Saturday, November 14, 2009

Death must be beautiful

This time, I was keen to erase my unpleasant memories of 1981. Then, the incident was 'acute appendicitis surgery'. Now, it was the surgical correction of 'avulsion fracture with displacement at the base of fifth metatarsal'. In 81, the procedure started with the local anesthesia induced through spinal injection. Was it the cause of an anesthetic agent or my fear ? I don't know. All I recall was I struggled violently for water to quench my parched throat and body. There was no mercy. I was forced to sleep and to wake up after 12 hours. The torrid memories stayed with me all these years.

This time, I wanted to be alert to witness that moment of slipping into sleep. As my mobile stretcher wheeled inside the OT, familiar brands of Valleylab, Maquet were in sight. A bolus through the IV cannula pushed into the vein of my left wrist as the Nurse standing next to my right shoulder sighed in exasperation for a hairless site on my chest to paste ECG electrodes. That was it. Next moment, I found myself in the recovery room, under the protection of CMC Vellore trained nurse. ' You are done and your surgery is over '.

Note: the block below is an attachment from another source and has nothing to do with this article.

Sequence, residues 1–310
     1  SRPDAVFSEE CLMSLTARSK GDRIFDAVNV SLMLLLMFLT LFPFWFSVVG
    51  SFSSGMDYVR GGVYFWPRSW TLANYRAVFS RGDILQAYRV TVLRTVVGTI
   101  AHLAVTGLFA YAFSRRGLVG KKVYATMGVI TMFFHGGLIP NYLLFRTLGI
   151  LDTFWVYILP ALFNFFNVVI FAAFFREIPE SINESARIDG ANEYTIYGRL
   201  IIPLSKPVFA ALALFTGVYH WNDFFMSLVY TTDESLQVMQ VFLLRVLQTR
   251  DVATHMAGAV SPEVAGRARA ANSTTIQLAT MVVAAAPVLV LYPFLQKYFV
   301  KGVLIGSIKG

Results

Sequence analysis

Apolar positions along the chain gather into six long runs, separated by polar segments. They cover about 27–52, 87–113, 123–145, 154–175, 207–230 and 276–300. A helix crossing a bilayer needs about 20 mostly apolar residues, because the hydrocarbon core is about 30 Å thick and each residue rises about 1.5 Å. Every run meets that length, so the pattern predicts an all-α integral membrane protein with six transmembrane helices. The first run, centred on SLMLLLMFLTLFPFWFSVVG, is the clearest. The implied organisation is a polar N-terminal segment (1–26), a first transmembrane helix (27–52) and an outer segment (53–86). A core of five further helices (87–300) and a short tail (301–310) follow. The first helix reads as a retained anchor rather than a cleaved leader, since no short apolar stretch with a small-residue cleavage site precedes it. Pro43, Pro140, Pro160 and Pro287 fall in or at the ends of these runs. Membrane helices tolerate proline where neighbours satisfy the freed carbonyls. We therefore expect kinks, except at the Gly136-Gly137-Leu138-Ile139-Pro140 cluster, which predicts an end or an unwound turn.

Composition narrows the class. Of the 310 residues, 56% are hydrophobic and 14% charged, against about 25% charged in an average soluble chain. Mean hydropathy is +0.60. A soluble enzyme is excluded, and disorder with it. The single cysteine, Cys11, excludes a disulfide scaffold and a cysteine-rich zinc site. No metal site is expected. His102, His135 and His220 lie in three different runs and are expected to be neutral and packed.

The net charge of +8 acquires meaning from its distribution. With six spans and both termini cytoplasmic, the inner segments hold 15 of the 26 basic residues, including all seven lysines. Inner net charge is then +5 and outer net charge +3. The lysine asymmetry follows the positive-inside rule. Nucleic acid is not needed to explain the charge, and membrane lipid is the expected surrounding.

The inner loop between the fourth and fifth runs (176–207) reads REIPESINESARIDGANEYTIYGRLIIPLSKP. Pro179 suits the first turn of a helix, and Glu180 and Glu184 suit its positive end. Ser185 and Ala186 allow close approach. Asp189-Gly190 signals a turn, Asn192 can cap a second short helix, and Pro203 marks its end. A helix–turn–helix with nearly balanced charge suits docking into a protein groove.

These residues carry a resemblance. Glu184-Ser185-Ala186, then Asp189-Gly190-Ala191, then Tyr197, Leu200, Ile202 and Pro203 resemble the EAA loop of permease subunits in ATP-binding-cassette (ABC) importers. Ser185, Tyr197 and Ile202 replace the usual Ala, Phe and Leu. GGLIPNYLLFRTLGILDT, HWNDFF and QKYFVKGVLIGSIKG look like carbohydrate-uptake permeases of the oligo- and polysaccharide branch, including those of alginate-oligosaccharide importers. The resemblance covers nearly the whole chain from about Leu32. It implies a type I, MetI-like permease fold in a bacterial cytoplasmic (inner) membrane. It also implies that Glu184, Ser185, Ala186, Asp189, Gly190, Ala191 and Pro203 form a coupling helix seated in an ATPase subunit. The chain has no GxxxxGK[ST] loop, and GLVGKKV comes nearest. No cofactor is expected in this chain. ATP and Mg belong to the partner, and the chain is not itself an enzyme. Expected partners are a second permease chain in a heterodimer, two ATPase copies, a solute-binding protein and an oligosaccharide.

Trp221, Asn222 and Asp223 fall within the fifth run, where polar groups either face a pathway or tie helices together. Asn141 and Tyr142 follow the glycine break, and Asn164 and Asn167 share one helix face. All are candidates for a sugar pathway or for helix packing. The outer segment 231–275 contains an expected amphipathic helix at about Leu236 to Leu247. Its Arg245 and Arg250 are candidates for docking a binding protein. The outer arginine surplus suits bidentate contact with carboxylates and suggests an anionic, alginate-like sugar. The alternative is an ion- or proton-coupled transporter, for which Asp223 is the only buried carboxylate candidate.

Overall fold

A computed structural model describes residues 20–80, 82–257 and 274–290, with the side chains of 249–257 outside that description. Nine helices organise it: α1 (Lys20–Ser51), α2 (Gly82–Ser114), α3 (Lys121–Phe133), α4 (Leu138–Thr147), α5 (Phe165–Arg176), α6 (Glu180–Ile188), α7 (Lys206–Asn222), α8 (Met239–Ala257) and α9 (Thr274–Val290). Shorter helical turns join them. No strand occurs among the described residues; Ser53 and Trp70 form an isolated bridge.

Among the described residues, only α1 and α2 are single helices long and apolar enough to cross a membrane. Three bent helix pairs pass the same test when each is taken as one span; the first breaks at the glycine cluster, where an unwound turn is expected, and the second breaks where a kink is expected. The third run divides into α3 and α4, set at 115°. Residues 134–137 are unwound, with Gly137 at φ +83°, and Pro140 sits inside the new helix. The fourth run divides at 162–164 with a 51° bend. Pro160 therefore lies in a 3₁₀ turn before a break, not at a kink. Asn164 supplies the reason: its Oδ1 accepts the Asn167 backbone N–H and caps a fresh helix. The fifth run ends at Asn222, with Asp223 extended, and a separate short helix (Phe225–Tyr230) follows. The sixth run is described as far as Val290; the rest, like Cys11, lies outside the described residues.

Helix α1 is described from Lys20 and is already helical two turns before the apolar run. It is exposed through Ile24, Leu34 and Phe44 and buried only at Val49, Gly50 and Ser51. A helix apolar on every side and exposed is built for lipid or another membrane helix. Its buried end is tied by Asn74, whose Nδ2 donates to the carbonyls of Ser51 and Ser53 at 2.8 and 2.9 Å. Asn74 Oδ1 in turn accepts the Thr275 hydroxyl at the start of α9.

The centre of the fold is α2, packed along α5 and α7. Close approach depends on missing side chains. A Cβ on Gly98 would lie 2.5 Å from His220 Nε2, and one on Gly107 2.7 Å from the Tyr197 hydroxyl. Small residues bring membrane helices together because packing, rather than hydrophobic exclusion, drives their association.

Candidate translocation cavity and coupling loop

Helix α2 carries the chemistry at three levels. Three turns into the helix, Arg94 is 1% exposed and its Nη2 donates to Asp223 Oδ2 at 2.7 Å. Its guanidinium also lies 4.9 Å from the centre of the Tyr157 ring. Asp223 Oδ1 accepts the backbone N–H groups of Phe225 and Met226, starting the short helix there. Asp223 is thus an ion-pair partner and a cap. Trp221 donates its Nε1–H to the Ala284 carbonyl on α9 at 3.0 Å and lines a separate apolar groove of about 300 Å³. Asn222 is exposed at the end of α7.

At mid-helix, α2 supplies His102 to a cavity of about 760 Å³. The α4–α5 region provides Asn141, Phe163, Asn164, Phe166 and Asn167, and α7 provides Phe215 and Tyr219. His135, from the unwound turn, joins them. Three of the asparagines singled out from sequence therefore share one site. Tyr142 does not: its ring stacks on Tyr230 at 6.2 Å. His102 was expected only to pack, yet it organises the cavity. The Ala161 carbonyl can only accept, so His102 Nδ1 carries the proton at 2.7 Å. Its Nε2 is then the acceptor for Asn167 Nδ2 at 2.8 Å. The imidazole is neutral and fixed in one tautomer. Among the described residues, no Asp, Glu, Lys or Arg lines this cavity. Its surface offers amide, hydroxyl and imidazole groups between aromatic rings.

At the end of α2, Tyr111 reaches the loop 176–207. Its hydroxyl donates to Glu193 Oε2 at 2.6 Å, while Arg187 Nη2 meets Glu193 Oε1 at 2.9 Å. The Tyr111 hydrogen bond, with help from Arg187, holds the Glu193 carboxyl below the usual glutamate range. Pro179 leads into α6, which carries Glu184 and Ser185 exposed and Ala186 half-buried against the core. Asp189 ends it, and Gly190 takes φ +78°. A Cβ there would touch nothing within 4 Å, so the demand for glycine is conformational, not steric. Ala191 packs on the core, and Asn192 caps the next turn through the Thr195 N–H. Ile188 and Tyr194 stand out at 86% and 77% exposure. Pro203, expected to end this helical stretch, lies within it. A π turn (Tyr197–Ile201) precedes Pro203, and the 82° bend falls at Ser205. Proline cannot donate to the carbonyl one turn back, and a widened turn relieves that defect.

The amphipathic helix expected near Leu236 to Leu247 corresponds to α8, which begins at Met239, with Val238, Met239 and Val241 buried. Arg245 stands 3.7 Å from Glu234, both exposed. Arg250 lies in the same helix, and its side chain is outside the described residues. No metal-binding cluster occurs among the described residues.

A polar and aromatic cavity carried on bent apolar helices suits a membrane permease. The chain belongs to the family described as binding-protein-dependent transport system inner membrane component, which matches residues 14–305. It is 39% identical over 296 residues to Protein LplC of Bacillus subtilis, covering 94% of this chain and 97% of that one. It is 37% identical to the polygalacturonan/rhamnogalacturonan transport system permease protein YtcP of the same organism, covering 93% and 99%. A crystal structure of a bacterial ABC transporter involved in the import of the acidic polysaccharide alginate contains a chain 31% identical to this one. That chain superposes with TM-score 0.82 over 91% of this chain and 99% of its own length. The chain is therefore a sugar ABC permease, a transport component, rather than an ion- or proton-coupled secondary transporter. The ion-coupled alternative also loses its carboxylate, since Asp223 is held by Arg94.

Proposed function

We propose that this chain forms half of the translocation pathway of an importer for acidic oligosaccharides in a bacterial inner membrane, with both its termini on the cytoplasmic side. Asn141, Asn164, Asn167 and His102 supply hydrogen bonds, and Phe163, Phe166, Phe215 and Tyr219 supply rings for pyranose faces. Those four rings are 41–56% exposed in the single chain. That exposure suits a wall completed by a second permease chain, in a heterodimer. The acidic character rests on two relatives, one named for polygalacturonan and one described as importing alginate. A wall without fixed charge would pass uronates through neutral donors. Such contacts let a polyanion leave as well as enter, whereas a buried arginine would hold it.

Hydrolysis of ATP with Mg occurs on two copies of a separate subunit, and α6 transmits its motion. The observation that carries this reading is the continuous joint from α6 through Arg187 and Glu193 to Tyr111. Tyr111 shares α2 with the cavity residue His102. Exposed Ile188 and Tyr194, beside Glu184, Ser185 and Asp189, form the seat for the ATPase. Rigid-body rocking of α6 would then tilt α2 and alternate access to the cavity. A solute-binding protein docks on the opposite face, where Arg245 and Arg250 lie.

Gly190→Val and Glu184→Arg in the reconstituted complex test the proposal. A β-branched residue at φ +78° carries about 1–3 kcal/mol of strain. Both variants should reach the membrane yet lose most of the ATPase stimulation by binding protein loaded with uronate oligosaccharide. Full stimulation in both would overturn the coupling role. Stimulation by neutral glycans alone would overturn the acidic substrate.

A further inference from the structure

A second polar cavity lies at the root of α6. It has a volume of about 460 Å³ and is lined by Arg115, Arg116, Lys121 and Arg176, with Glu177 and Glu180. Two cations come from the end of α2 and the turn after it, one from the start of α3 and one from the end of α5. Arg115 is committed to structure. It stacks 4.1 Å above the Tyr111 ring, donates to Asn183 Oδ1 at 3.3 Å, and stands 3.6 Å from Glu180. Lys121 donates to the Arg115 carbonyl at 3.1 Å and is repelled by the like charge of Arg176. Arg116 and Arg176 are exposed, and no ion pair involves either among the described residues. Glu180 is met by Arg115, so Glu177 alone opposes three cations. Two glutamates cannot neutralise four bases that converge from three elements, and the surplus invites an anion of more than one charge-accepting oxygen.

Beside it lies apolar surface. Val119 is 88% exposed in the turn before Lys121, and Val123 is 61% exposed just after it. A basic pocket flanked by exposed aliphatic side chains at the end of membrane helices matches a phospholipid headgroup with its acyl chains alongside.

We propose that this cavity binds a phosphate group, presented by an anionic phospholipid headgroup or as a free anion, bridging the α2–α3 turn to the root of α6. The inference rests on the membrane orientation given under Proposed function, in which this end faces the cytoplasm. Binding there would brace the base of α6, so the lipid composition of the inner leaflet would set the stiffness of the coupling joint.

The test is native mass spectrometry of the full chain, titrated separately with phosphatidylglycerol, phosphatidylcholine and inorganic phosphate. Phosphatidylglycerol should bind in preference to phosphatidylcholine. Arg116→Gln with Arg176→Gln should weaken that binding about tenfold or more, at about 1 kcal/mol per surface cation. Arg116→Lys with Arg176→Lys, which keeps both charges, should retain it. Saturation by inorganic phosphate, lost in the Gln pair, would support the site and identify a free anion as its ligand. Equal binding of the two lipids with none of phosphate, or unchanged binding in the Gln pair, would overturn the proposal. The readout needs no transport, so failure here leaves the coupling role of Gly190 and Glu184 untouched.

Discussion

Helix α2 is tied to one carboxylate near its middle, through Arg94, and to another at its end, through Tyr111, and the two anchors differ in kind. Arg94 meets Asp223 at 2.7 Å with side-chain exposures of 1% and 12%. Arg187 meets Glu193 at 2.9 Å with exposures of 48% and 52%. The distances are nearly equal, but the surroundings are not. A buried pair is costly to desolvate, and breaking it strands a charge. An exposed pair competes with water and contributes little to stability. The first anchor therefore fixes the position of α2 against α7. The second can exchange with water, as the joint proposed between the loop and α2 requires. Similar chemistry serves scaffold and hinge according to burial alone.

Two hours of deep sleep with no dreams, no past, no present, no future. An emptiness that detached my body and mind. I had no feelings. No pain, no anguish. no elation, no attraction, no distraction . Surgeon's cautery didn't bother me nor the metallic screws that penetrated through my bones rattled me. It was a silence both within and outside. Time froze where it was as I ceased to exist for myself and for the world around me. As I looked back, I realized this is what a death must be. If it is, I savored it with all its beauty.

I don't know if it was the technology of minimal anesthesia delivery system or efficacy of drugs or the skills of an anesthetist, the transition from the ' awakening' to the ' deep slumber' was swift and sudden ; so too was the shift from the 'black hole' to the 'realization of one's existence' . Whatever may have been the reason, it was beautiful and magnificent . I can safely assume that death in reality must be close to what I witnessed. A blissful state of nothingness.



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